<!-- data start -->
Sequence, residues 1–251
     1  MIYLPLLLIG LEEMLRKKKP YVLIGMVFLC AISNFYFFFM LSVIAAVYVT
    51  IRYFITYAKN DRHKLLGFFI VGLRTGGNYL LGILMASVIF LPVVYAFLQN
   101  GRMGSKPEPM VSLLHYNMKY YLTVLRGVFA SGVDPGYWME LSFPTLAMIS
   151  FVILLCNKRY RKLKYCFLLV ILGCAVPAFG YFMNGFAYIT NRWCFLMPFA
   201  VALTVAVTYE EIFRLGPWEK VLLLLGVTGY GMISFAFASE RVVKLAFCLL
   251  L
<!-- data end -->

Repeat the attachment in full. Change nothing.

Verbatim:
Sequence, residues 1–251
     1  MIYLPLLLIG LEEMLRKKKP YVLIGMVFLC AISNFYFFFM LSVIAAVYVT
    51  IRYFITYAKN DRHKLLGFFI VGLRTGGNYL LGILMASVIF LPVVYAFLQN
   101  GRMGSKPEPM VSLLHYNMKY YLTVLRGVFA SGVDPGYWME LSFPTLAMIS
   151  FVILLCNKRY RKLKYCFLLV ILGCAVPAFG YFMNGFAYIT NRWCFLMPFA
   201  VALTVAVTYE EIFRLGPWEK VLLLLGVTGY GMISFAFASE RVVKLAFCLL
   251  L